US20020032799A1 - Deferring DNS service for a satellite ISP system using non-geosynchronous orbit satellites - Google Patents

Deferring DNS service for a satellite ISP system using non-geosynchronous orbit satellites Download PDF

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US20020032799A1
US20020032799A1 US09/841,358 US84135801A US2002032799A1 US 20020032799 A1 US20020032799 A1 US 20020032799A1 US 84135801 A US84135801 A US 84135801A US 2002032799 A1 US2002032799 A1 US 2002032799A1
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Prior art keywords
message
gateway
url
satellite
dns
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US09/841,358
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Robert Wiedeman
Prashant Waknis
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Globalstar LP
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Globalstar LP
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    • HELECTRICITY
    • H04ELECTRIC COMMUNICATION TECHNIQUE
    • H04LTRANSMISSION OF DIGITAL INFORMATION, e.g. TELEGRAPHIC COMMUNICATION
    • H04L29/00Arrangements, apparatus, circuits or systems, not covered by a single one of groups H04L1/00 - H04L27/00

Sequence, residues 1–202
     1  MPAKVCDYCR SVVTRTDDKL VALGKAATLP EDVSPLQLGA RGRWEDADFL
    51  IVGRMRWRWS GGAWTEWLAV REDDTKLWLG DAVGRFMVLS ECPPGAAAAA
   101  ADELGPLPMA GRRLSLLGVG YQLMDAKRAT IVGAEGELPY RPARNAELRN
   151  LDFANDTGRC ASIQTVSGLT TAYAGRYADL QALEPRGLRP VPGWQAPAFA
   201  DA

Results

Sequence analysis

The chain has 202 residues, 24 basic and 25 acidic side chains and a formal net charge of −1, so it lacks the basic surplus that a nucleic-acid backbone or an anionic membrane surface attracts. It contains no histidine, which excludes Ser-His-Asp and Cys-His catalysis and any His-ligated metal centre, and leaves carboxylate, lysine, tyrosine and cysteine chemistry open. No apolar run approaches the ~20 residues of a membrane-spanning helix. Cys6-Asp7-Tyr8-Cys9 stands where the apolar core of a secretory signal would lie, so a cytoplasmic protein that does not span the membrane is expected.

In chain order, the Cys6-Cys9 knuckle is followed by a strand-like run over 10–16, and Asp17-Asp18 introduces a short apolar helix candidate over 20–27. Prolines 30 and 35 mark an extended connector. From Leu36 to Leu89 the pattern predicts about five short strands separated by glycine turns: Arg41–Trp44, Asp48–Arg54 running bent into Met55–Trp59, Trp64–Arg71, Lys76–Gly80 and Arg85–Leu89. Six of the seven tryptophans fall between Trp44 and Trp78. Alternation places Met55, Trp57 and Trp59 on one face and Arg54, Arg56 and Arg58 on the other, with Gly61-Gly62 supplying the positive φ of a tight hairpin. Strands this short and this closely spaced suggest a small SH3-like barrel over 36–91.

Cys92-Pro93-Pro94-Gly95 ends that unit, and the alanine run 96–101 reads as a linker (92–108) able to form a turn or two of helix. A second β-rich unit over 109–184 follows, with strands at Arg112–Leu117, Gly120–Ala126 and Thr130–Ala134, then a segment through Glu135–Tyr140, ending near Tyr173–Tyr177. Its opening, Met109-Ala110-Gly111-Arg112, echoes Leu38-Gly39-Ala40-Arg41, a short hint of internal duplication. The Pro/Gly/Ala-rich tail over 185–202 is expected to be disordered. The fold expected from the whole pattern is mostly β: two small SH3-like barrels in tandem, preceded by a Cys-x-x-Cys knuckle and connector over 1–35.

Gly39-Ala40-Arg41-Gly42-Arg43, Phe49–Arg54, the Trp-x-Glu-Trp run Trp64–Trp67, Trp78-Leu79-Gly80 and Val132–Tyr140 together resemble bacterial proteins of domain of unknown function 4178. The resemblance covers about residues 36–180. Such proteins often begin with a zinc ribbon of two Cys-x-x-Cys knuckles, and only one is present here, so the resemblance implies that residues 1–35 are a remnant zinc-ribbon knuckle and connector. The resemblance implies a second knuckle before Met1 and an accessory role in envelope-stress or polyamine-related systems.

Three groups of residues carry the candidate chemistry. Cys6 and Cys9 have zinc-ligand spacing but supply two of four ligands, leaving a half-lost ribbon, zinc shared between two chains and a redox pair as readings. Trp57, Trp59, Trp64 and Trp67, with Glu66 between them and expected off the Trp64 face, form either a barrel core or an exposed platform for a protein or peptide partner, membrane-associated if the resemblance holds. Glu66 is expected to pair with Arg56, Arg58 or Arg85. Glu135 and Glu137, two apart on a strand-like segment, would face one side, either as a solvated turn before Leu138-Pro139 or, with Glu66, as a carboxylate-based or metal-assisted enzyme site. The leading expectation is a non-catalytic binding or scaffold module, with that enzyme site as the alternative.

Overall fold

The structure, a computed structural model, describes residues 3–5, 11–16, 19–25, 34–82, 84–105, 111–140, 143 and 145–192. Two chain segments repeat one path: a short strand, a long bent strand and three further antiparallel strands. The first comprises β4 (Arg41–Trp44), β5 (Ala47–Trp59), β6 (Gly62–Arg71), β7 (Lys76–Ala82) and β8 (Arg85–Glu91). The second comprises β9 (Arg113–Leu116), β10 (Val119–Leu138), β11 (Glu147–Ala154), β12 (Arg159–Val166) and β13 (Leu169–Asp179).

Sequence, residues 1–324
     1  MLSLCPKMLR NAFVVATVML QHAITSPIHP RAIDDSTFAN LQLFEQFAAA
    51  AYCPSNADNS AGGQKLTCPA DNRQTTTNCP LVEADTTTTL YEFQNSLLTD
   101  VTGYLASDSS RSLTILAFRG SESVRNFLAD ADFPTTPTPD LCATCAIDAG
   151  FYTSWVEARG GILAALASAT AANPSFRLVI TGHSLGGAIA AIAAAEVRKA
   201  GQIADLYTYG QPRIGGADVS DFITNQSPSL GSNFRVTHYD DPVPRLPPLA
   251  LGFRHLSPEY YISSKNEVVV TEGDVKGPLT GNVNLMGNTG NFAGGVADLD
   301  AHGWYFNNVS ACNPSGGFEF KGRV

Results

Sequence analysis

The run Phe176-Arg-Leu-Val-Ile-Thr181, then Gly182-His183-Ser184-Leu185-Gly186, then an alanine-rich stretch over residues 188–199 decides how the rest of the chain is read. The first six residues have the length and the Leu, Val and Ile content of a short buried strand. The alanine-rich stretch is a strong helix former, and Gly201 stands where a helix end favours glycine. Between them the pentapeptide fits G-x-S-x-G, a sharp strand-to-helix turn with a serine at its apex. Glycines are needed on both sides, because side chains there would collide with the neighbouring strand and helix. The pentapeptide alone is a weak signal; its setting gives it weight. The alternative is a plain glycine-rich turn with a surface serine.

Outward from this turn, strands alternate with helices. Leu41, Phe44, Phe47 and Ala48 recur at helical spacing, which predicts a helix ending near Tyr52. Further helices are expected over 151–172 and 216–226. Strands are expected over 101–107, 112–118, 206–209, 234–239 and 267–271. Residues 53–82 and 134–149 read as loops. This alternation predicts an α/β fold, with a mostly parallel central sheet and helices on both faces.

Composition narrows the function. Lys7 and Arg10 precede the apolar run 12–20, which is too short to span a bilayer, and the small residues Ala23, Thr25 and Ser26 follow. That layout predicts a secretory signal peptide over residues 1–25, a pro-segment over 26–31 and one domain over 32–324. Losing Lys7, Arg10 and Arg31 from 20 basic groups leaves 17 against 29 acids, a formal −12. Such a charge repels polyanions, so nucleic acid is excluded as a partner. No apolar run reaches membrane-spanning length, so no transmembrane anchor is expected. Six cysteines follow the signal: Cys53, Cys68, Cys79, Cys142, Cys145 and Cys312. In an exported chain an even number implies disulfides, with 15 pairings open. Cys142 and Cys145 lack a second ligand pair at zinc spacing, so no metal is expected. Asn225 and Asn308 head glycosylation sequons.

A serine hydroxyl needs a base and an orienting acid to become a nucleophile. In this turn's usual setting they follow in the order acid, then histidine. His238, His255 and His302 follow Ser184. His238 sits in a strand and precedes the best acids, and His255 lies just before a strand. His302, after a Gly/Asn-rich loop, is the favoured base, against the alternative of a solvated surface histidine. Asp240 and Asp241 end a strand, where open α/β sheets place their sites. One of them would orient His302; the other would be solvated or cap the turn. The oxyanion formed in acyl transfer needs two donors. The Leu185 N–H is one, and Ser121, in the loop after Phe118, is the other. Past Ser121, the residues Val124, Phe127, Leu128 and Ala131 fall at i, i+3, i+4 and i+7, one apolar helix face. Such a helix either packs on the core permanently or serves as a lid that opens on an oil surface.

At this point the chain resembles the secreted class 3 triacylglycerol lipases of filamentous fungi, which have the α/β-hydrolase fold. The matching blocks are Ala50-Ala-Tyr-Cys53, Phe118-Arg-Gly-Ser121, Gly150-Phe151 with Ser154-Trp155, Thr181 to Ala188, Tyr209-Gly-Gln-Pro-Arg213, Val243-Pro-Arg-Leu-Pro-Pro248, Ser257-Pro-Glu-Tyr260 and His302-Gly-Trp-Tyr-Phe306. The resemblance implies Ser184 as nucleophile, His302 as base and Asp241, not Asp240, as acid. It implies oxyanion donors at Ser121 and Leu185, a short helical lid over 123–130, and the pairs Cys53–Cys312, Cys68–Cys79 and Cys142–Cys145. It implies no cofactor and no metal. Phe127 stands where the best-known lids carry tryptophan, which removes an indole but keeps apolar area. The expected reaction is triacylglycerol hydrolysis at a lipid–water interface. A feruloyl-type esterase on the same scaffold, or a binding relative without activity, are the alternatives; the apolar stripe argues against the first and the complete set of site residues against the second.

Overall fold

• H04L29/12Arrangements, apparatus, circuits or systems, not covered by a single one of groups H04L1/00 - H04L27/00 characterised by the data terminal
    • H04L29/12009Arrangements for addressing and naming in data networks
    • H04L29/12047Directories; name-to-address mapping
    • H04L29/12056Directories; name-to-address mapping involving standard directories and standard directory access protocols
    • H04L29/12066Directories; name-to-address mapping involving standard directories and standard directory access protocols using Domain Name System [DNS]
    • HELECTRICITY
    • H04ELECTRIC COMMUNICATION TECHNIQUE
    • H04BTRANSMISSION
    • H04B7/00Radio transmission systems, i.e. using radiation field
    • H04B7/14Relay systems
    • H04B7/15Active relay systems
    • H04B7/185Space-based or airborne stations; Stations for satellite systems
    • H04B7/18578Satellite systems for providing broadband data service to individual earth stations
    • H04B7/18584Arrangements for data networking, i.e. for data packet routing, for congestion control
    • HELECTRICITY
    • H04ELECTRIC COMMUNICATION TECHNIQUE
    • H04LTRANSMISSION OF DIGITAL INFORMATION, e.g. TELEGRAPHIC COMMUNICATION
    • H04L29/00Arrangements, apparatus, circuits or systems, not covered by a single one of groups H04L1/00 - H04L27/00
    • H04L29/12Arrangements, apparatus, circuits or systems, not covered by a single one of groups H04L1/00 - H04L27/00 characterised by the data terminal
    • H04L29/12009Arrangements for addressing and naming in data networks
    • H04L29/12047Directories; name-to-address mapping
    • H04L29/12132Mechanisms for table lookup, also between directories; Directory data structures; Synchronization of directories
    • HELECTRICITY
    • H04ELECTRIC COMMUNICATION TECHNIQUE